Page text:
Trust no one

 In those kind of moment you learn what true friendship means. Very quickly we verified people. Those who we thought are close to us disappeared, and we cannot really even say why. Weather they thought this is contagious, and they can also be classified for that flight too, overwhelmed and did not know how to behave, or simply we did not fit to their image of perfect hedonistic life, where you keep close to yourself only those who makes your world look perfect. On the other hand people, who we never expected to get any empathy from would call us, write, suddenly appear in our life, and without even asking started to help. They knew, that they are far from understanding us, and I would never wish them too, but they fought back the thought of it, and were always with us when needed.  I am not saying that we were completely left out by our old friends, just that number of them shrank. Thanks to that experience we now know who we can really depend on.

 And there was a third group, other parents. People who shared your experience, suffering, and could really quickly find themselves in your shoes. Understand well what you are currently going thorough, your frustration, sorrow, crises, as this was also in their hearts. They might have already experienced what you are currently facing and moved to the next stage or you shared your tears with them as they were also just informed about qualification.

 We stayed in the room where there was at least one more cadet and alongside of him, his parent, in most cases it was his mother. Laying on cheap mattress or touristic bed, comforting him, and trying to lower his pain and suffering as much as she could. Rooms where tiny, which lead to the situations where there was no other way but to open your mouth and start to talk to each other. Especially that during those night where your cades could not sleep because of pain, and you often needed to change either his diapers or bed sheets, you could count on the other parents to look over your child.

 Spending sometimes days or weeks with the same parents created this strange connection. The bondage of common goal, do all in your power to get your kid off the training course. And you know that on the other side of the barricade are captains doing all to make sure your child will perform well. Of course there were cases when frustration was so high that created some tension between parents but those were very rare occasions. In general everybody tried to help each other as much as they could, knowing that someday it could be his turn to ask.

“Don’t trust anybody.” Mag started. “Look at each drug they are giving to your child, check the label, check the name and make sure they did not mix anything.” She lowered her voice a bit. “I already witnessed a case where they had two cadets with similar names and they massed up the drugs. Giving the wrong one to the wrong cadet. Luckily they quickly realized so no harm done but you can imagine what could have potentially happen.  I am not sure if this is done on purpose, like the other day they tried to force faster training, not fit for the cadets, hoping he will make the flight sooner than normally. I don’t think these are just strange coincidental mistakes.” Mag paused for a second. “But like I have said. Don’t trust anybody and double check everything.”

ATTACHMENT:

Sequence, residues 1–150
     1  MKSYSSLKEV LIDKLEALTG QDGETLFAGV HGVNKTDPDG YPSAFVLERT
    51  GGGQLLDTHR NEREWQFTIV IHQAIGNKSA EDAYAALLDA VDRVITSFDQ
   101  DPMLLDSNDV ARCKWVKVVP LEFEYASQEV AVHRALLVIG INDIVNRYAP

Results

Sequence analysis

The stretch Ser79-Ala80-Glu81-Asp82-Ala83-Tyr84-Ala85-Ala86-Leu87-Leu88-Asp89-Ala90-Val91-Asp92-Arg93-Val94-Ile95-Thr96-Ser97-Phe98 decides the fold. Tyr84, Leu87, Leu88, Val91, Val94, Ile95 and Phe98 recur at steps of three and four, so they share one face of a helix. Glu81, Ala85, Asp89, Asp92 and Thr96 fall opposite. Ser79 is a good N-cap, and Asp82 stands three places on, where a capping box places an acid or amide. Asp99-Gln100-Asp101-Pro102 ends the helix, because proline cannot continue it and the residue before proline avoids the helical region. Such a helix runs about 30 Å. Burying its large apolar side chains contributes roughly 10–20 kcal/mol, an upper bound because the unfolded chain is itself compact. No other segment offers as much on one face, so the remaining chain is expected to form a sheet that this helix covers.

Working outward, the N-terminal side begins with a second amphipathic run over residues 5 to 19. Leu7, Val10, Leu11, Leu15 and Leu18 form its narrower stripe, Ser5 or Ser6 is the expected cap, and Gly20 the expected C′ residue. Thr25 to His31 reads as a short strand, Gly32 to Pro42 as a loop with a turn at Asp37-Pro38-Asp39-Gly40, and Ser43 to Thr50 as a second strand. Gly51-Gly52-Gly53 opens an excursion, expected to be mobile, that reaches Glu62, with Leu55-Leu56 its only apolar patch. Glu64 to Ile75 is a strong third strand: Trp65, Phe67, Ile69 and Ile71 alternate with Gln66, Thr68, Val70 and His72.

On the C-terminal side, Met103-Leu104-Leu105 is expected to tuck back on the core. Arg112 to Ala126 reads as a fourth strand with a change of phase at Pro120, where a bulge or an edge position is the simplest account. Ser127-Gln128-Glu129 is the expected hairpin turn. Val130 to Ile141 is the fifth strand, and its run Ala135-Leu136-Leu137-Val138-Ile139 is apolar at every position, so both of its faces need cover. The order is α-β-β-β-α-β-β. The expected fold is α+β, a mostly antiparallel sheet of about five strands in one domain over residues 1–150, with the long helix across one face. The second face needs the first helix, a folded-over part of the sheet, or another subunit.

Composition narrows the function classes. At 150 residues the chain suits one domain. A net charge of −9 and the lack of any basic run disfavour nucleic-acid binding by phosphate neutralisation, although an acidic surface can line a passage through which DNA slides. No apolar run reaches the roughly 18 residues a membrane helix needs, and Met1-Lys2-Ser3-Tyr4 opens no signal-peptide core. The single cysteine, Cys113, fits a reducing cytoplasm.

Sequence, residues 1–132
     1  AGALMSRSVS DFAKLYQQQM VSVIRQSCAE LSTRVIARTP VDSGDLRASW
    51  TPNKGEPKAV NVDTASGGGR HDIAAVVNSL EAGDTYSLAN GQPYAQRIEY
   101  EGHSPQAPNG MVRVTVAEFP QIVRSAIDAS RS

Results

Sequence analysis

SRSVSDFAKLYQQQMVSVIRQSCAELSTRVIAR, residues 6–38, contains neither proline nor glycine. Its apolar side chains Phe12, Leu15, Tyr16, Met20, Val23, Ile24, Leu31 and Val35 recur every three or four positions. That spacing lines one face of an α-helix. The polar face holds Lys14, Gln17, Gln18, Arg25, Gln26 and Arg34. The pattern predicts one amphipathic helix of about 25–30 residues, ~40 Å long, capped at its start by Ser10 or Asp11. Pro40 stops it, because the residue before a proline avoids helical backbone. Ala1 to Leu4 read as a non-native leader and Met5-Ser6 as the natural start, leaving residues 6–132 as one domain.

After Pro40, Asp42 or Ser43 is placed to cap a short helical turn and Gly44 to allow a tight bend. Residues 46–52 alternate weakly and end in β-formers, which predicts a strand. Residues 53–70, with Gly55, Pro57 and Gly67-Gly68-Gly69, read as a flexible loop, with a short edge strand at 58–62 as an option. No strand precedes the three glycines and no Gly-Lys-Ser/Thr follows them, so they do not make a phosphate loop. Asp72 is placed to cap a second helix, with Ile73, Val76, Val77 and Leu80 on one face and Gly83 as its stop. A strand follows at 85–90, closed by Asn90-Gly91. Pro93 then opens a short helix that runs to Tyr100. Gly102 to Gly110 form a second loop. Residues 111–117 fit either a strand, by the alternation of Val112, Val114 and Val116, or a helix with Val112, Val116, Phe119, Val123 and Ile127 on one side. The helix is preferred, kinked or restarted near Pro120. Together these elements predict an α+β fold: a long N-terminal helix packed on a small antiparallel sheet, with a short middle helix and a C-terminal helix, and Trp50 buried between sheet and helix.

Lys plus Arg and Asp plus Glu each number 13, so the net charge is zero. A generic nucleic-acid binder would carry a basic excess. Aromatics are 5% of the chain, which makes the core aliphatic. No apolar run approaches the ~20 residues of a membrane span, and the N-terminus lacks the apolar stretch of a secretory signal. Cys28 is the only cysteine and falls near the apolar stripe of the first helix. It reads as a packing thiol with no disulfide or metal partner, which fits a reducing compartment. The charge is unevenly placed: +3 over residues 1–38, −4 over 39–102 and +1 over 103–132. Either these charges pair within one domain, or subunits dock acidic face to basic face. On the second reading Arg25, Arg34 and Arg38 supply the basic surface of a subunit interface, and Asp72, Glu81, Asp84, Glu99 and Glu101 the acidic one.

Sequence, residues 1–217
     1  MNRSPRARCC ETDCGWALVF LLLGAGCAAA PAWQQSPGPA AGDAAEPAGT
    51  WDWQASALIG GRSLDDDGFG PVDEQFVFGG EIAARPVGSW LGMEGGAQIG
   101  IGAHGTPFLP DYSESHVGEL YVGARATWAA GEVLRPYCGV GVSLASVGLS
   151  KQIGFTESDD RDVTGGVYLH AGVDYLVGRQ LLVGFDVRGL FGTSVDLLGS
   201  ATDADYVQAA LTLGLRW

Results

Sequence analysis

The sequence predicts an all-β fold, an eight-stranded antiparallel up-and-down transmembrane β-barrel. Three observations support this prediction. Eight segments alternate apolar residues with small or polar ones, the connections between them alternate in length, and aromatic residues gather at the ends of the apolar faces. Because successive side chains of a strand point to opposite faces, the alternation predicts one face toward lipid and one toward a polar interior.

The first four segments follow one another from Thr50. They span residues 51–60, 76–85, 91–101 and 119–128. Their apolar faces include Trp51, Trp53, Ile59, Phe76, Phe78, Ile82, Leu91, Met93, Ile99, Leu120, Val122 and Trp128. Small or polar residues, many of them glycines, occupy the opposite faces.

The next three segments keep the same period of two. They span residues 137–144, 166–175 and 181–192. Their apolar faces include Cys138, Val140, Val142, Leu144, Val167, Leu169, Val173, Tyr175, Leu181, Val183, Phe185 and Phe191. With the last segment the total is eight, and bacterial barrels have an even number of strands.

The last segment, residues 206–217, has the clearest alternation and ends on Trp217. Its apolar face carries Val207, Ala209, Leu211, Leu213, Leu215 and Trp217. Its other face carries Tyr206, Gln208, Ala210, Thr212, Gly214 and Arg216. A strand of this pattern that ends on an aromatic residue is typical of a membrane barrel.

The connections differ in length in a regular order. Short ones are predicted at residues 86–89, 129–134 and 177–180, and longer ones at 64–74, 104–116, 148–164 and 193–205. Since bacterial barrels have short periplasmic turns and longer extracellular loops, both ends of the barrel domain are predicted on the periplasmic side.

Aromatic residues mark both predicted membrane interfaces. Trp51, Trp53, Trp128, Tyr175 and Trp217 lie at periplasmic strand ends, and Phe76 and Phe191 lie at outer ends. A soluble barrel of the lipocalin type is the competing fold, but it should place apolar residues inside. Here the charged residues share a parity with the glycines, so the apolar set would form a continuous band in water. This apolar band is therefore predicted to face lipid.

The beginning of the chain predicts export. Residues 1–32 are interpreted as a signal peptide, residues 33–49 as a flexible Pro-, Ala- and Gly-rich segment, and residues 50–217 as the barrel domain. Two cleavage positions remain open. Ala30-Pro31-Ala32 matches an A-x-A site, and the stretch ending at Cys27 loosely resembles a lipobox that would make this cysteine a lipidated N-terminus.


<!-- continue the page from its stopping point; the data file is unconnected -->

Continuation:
We were already full of fear and this just enhanced it. I started to take picture of the drugs, check the names in the internet. I tried to see if this chemo will really improve his performance or on the contrary – rash the hole process and fly him to heaven sooner than initially said.

 Luckily we had also moments when we talk about other things, not related to the training, which gave us a bit of relief from that constant standby mode. Amelia was full of energy and watching her play was also uplifting. Szymon was also in much better state, which started to fill us with optimism. Maybe it doesn’t have to be like captains say. Maybe he will not make the cut.

5 thoughts on “Trust no one

  1. I am so sorry. What horror. You wrote this so well. As I was reading, I wondered why there weren’t drugs to stop the pain but you address that in your post. No one knows your pain but people in your situation.
    Maybe you can check out my blog if you need any blogging tips. That’s what I write about.
    Janice

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  2. Thank you, I will look at your blog as tips are always welcomed:). To my post… I see that as blessing, pain is short and soon after smile is back on his face, It is us, parents, who add suffering to the pain, making nights and days feel miserable. He being so young, so suffering and consequences of his illness are not affecting him so much.

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  3. What a beautiful picture to your post. Thank you for sharing, I think this will help others who may be going through something similar, and hopefully it helps you to get some of the jumble of emotions you must be going through out on the page.

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  4. You write so perfectly that I have trouble believing it’s your first time blogging in English. It’s so well written, I was almost in tears. It takes a great writer to put emotions into words but a greater one to affect the reader. I wish you and your son all the best of all the good luck.

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